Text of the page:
Okay, so maybe we missed the “one-of the-world’s best-food-claim” but we do appreciate the vast variety that Peru offers in terms of fresh produce. Many of the so-called superfoods originate or grow in Peru, such as maca powder, chia seeds, lucuma fruits, algarobina (also called carob or mesquite), quinoa and amaranth. And since in Peru we cooked more than we had in years I started looking at fruit and vegetable markets with a new eye. Here is more on Peru’s organic markets.

We tried different kinds of flour to bake bread and cookies (read about it), experiment making veggie burgers using beans & other legumes, and started sprouting as well. More about all that in this blog post on flexcooking.

In the middle of nowhere we encountered a pig-in-the-oven dish, called pachamanca.

We stopped eating meat (and dairy) a year ago, but even before that I was never tempted to buy meat at a market. I had no idea how judge quality. The section just never looks appetizing, which doesn’t mean it isn’t fascinating and does make for some intriguing (or disgusting, if you like) pictures.

Ubiquitous Foods

Let’s finish with a couple of very local items we came across everywhere:

Aji, or Chili Pepper. If I liked them, I would write a post on the subject, as there is so much variety in color, size, and level of spiciness. Apparently, there are some 300 varieties! But I don’t, so I won’t. It’s just too hot! I never liked the hot food in Asia, and I still don’t like it. Coen does though, he loves it. The big difference between Asia and Peru is that in Asia they put it in the food while cooking. In Peru, on the other hand, the food is served rather blandly, but you will always find aji, generally as a sauce, on the table so you can add it yourself.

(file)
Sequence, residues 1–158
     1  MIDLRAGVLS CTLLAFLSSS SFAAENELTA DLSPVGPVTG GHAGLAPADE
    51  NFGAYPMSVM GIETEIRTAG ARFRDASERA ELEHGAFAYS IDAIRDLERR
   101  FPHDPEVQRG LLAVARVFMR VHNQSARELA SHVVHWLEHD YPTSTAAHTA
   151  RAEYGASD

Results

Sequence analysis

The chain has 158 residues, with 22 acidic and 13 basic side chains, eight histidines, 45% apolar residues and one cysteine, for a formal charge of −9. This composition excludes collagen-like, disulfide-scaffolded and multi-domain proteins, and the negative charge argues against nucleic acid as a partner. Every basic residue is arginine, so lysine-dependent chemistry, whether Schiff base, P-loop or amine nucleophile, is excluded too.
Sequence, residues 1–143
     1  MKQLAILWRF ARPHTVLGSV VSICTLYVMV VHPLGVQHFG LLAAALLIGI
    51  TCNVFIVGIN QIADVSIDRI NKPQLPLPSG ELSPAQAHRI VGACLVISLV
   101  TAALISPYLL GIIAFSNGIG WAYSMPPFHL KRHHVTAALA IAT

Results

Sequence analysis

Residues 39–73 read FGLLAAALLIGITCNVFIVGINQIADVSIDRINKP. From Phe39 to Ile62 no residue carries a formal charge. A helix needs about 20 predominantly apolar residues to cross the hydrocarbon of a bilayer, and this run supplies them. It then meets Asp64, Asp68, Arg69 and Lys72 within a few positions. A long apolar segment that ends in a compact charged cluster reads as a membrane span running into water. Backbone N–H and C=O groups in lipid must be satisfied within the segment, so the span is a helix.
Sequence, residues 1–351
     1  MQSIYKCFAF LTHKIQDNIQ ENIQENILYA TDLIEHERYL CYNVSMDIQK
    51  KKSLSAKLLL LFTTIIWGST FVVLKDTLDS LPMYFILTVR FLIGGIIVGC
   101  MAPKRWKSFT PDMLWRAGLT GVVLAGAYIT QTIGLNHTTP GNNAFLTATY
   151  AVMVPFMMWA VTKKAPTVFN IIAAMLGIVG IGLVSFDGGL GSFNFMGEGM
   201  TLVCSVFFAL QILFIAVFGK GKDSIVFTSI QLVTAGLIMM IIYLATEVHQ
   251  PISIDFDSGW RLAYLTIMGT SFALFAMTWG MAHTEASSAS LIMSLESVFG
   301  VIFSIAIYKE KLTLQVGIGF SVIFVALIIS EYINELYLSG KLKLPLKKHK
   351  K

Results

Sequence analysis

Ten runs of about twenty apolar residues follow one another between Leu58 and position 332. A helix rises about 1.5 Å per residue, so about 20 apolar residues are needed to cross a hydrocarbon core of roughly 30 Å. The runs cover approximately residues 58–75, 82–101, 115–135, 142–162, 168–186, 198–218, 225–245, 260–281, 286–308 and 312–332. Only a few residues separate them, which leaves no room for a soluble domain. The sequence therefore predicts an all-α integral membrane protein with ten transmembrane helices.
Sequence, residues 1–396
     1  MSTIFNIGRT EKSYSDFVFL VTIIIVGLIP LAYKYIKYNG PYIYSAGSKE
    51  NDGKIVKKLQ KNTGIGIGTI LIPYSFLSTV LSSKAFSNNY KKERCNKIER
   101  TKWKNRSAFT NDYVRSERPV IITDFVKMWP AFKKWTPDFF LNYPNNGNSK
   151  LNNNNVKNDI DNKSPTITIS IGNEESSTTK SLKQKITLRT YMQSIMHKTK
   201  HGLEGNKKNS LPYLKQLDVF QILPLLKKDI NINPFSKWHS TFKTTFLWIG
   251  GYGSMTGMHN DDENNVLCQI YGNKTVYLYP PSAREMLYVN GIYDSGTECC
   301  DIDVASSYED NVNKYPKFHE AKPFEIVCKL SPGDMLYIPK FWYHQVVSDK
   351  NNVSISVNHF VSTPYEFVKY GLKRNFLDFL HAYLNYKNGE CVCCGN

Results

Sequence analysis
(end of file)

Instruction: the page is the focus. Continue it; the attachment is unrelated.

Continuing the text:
Pisco Sour is Peru’s National Drink. The cocktail is made of pisco, a liquor, with lemon juice, egg white, a bitter and a syrup. Chile also has a pisco sour as its national drink (albeit it’s a bit different but does have the pisco liquor as its base). Both countries fervently claim they are the pisco sour’s country of origin.

Stevia: the white processed version in the small containers, and the green leaves that have been dried.

Stevia appears to become an increasingly controversial product. Is it natural, is it healthy? Well, the common white version sold in containers definitely is processed to the point that it no longer resembles stevia so I would give that a big berth. The plant grows in South America of which the leaves are dried. They are often added when chewing coca leaves to enhance the flavor of the latter.

Coca leaves and products made of them such as sweets are legal in Peru and for sale especially in the highlands. In the production area there are strict rules though: farmers are allowed to only sell them to certain companies by which law the government tries to reduce the production of cocaine. Before taking the picture below, Coen had to explain to the farmer why he wanted to take it, fearing he was a journalist or spy for the government.

And with that I will end my babbling about food in Peru. Let’s move on to Ecuador!

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Thank you for your support — Karin-Marijke & Coen

11 thoughts on “Peruvian Cuisine – One of the World’s Best Foods?

  1. Tasty and informative!
    I’m keen to taste the Guineapigs. When we get to where they are available without the local SPCA interfering!
    Can understand you having gone off meat- it does indeed not look too appeticing for our western eyes.